THE AWAKENING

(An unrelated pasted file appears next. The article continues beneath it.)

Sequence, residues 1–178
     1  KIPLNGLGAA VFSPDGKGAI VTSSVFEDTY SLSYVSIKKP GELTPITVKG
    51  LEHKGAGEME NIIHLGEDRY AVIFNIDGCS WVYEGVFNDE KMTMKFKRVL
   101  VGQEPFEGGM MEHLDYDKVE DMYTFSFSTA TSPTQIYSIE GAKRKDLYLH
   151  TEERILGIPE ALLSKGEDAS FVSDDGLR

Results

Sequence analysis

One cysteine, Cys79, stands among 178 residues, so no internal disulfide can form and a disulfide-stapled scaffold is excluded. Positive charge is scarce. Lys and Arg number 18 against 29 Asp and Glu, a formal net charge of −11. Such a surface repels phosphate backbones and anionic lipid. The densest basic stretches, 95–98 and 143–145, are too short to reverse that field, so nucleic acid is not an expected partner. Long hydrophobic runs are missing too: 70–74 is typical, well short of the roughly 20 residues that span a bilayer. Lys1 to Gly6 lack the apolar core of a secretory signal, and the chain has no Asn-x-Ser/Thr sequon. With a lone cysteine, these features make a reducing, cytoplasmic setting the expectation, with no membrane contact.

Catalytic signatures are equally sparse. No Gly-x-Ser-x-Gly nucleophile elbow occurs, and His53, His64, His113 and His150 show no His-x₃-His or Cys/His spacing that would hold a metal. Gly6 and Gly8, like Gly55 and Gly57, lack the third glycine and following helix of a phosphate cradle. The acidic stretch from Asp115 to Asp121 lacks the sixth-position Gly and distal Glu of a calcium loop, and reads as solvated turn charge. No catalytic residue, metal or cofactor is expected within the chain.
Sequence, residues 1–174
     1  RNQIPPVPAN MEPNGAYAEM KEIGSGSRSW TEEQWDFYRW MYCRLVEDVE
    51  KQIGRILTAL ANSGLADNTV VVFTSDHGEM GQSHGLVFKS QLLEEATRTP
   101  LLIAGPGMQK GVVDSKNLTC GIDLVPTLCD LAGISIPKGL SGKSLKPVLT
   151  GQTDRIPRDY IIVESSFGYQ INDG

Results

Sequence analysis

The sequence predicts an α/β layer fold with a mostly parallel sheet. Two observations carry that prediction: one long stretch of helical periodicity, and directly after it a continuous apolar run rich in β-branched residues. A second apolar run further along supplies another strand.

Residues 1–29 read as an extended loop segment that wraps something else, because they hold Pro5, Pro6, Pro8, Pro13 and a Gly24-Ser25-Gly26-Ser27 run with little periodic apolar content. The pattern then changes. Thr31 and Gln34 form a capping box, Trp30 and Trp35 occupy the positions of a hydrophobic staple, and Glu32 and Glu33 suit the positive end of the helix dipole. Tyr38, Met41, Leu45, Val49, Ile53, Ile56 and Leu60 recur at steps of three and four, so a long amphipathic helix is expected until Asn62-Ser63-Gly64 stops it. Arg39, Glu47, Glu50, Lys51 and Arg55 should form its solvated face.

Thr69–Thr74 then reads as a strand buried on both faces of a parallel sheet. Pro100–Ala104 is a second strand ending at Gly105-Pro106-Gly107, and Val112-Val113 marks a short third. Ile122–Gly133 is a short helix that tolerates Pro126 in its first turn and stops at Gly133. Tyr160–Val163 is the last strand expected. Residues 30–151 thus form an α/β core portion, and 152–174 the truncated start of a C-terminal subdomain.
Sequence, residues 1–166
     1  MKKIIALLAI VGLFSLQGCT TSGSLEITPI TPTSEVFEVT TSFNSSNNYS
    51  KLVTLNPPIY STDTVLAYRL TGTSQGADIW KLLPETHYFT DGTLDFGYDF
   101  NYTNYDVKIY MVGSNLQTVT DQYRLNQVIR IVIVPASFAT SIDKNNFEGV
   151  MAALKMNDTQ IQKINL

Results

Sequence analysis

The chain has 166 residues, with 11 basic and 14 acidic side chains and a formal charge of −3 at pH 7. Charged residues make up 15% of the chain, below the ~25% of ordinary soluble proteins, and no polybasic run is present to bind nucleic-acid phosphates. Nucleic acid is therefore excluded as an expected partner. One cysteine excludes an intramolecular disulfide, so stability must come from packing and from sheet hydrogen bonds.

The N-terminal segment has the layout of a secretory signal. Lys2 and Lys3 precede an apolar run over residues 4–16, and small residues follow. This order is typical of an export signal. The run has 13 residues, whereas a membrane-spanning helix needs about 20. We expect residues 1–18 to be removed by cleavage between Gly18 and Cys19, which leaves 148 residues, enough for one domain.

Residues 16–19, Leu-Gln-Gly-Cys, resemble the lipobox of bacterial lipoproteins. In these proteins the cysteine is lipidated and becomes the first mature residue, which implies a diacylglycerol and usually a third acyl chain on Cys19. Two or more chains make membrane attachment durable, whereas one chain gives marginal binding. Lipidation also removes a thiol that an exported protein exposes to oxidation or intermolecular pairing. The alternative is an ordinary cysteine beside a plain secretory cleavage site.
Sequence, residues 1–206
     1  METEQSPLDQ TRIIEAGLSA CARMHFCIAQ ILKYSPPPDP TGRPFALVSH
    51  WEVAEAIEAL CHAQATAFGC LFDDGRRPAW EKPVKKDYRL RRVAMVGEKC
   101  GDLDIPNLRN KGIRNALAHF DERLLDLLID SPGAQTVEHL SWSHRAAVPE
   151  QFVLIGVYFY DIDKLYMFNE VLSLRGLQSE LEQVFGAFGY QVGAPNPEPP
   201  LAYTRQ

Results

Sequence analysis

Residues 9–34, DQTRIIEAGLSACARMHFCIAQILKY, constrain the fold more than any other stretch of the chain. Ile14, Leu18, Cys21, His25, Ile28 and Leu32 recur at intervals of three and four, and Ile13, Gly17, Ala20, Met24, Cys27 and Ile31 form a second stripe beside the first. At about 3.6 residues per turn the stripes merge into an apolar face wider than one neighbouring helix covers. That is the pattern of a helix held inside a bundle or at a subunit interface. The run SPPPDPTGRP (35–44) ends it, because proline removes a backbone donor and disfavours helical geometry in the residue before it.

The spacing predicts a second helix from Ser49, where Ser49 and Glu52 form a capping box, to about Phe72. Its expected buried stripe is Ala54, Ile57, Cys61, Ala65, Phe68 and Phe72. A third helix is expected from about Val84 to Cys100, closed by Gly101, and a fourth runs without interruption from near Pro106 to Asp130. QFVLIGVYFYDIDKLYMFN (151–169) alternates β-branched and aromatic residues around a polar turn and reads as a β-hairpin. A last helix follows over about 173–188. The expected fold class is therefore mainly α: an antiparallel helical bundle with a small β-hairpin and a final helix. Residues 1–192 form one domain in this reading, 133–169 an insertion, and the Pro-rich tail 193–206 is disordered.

I thought that this was an important moment because of the build-up established from the previous four issues. Throughout the earlier installments, we saw Mastermind charm his way inside Jean's mind and heart, providing her with a beautiful romantic illusion where she was a noble woman from the past, enaromored with a gentleman named James Wyngarde. He opened her up and then pushed her further into embracing the depths of her desires, captivating her with needs she never realized she's always had: to have all the love and power in the world as well as glory as she rules next to a man she considers her equal. Jean Grey allowed this fantasy to claim her but once it was shattered she was left with so much self-loathing and dread which she subsequently inflicts to the fiend who fed these desires. I don't think Claremont and co. knew back then how impactful this speech could resonate now for readers like me who live in an era where the influence of female empowerment continues to grow. I would like to believe that a lot of us women in this generation have more control over our agencies, choices and self-expressions than the women in the earlier generations who have limited options back then. Jean Grey's speech addressed to an oppressive, overbearing man who fancies himself as the one who holds power over her is just damn cathartic to read.